Spoon of Sugar (23)
My dad came home from work late that night. Karen was already in bed and I hoped she was sleeping. I layed in bed awake until I heard the side door of the house shut and the sound of my dad’s shoes across the tile of our kitchen. I had layed awake waiting for him to come home but I never thought about what I was going to say.
I waited until it sounded as if my dad had settled in the living room and then slowly creeped to my bedroom door. I peered out and down the hall to make sure the coast was clear. From the shadows it appeared like my dad was eating at the kitchen counter. Maybe I needed a drink of water.
I made my way to the kitchen where I found my dad eating leftover spaghetti and meatballs.
He jumped. “You scared me. What are you doing up?”
He made a face as I reached for a cup. “You okay? Something wrong?”
“My bible is missing.”
“You’re what?” He pretended not to hear me and I instantly knew he was already aware.
“My bible. The one that my mom sent me. It’s missing. I’ve looked everywhere.”
“Oh. And you’re sure you didn’t take it somewhere?” he asked me without any sense of concern.
“It was on my bookshelf. I’ve only taken it off a few times and I put it right back.”
“Well, if you’ve only taken it out a few times, it obviously isn’t that important,” he said with some sarcasm.
I sat my cup in the sink and said, “it IS important”.
I started to walk away and he said, “you know, you really need to keep better track of your stuff”.
As I walked back down the hall to my room I said, “funny. That’s what Karen said too”.
“What was that?” he asked.
I didn’t respond. He heard me. I said it loud enough to make sure that he did. I realized that night that the only one who cared about how I felt or what I needed was me. I obviously needed to be more careful with things that I felt were important. Nothing was safe here. I couldn’t trust anyone.
The next morning I woke up to my alarm going off with faint sounds of arguing coming from the kitchen. This was odd, I was usually alone. My dad and Karen had obviously been arguing for quite some time. Karen still hadn’t gotten ready for the day and my dad was already late for work. He stormed out of the side door and backed his car out of the driveway just as I made my way to the kitchen for some cereal. I sat in silence eating as Karen hurried through the house. As I rinsed my bowl the hiccups began.
Who knew that the spasms of one’s diaphragm could set off such a series of unfortunate events?
These weren’t just any ole hiccups. These were the kind of painful hiccups that cause you to convulse, the ones that make you lose your breath and beg for mercy. I’d had these before once, when I had gotten really upset. It was horrible. I couldn’t go to school like this. I couldn’t even breathe. The agony made me do something I’d later regret. I asked Karen for help.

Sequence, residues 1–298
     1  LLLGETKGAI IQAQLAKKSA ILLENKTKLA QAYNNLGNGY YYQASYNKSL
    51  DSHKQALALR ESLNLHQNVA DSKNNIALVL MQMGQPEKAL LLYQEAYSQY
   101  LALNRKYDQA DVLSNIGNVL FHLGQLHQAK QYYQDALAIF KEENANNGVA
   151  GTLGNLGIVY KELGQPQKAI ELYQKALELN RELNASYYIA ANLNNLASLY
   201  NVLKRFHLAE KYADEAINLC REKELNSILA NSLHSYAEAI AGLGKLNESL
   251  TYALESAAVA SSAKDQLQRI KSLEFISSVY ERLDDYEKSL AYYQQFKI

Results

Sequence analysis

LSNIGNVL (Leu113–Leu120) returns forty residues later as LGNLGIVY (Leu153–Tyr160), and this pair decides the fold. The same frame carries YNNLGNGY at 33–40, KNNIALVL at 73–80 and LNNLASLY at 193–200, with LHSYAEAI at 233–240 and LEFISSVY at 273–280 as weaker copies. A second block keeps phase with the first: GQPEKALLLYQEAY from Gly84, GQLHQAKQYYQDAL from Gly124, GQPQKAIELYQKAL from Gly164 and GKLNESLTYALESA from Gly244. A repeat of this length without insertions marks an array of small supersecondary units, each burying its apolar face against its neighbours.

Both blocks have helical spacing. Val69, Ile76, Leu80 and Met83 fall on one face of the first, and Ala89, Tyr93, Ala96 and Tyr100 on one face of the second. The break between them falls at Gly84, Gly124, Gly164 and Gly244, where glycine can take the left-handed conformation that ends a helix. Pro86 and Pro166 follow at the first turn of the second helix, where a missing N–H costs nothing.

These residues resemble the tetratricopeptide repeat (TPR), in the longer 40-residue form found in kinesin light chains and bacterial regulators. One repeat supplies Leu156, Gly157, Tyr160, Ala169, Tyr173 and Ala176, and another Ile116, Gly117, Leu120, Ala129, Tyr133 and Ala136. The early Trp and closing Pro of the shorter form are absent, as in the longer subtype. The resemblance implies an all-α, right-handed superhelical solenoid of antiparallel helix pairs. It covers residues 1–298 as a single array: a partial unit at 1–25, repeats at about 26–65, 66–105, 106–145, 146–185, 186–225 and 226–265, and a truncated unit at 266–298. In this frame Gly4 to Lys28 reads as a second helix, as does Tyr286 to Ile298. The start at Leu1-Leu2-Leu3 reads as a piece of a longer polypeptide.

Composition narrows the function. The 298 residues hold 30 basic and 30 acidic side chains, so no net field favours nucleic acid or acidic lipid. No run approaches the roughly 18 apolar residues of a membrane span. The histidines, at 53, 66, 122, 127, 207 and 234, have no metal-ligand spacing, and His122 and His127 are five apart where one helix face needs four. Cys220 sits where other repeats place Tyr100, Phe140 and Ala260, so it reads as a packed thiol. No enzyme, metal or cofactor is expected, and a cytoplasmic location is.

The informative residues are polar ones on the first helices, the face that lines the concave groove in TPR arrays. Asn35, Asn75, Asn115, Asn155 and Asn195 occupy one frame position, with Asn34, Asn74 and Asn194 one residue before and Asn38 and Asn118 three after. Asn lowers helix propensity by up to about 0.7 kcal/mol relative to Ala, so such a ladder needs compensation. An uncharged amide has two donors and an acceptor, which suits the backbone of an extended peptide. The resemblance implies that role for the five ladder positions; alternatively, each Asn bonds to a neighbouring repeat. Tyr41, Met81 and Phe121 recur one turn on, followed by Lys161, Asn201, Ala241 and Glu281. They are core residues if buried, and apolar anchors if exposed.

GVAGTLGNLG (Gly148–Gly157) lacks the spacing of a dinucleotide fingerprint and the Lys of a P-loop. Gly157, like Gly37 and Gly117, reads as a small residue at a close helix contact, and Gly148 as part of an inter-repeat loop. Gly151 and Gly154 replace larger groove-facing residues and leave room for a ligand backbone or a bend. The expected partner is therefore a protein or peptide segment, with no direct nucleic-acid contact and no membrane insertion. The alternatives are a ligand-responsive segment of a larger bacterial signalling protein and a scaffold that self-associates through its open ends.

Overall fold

She didn’t know of anything that could cure hiccups, but she shared something her mom use to do. A spoonful of sugar not only helps the medicine go down, but it also helps to ease the pain of hiccups. At least that’s what Karen claimed. She got the heavy sugar canister off the top of the refrigerator and set it on the kitchen counter. I got out a tablespoon and swallowed the sugar. I sat in agony for what seemed like forever, but then the hiccups started to fade. Whether the sugar helped or not didn’t matter, I thought it did. What happened if they came back while I was in school? Karen already had the answer to that. She took a tablespoon of sugar and poured it into a baggy for me. She slid the baggy of sugar into the outside pocket of my backpack. If the hiccups came back while I was at school, I’d be set.
School was rather uneventful for most of the morning and by the time we were working on math I had completely forgotten all about my horrible hiccups. But just before the bell rang for recess, they started up again. My hiccups were so loud that the boy sitting next to me looked over and giggled. The bell rang, I reached down in my backpack, grabbed my baggy of sugar and headed out of the classroom door.
With the baggy in hand I headed down the hall. A few of my friends stopped me to ask if I wanted to play basketball. I told them I would but I had to stop in the bathroom first. They shot me some strange looks and ran off. When I got in the bathroom I unloaded the entire baggy of sugar into my mouth, made sure I didn’t have any on my face and shoved the baggy into my pocket. I got a drink from the water fountain and waited for my hiccups to subside, but by the time that happened recess was over.
About halfway through History my teacher’s telephone rang. She sat there talking for a few moments and kept looking in my direction. It was making me uncomfortable. Not only was she looking at me, but the other kids in my class had noticed it too. After hanging up she motioned to me. I walked to her desk and she told me I was needed in the principal’s office. She handed me a hall pass and sent me on my way. As I passed by my desk she said “you might want to take your stuff with you”. That was never a good sign and everyone knew it. The whole class stared at me as I grabbed my things and made my way out of the classroom.
I walked into the front office and handed my hall pass to the school secretary. She told me to take a seat and that my parent’s were on their way.
They are? What for?
The door to the principal’s office was cracked open and I could see a sliver of her sitting at her desk. She looked upset. She finished up a phone conversation and glanced over to see me sitting outside her door. She got up and walked over.
She shut her door.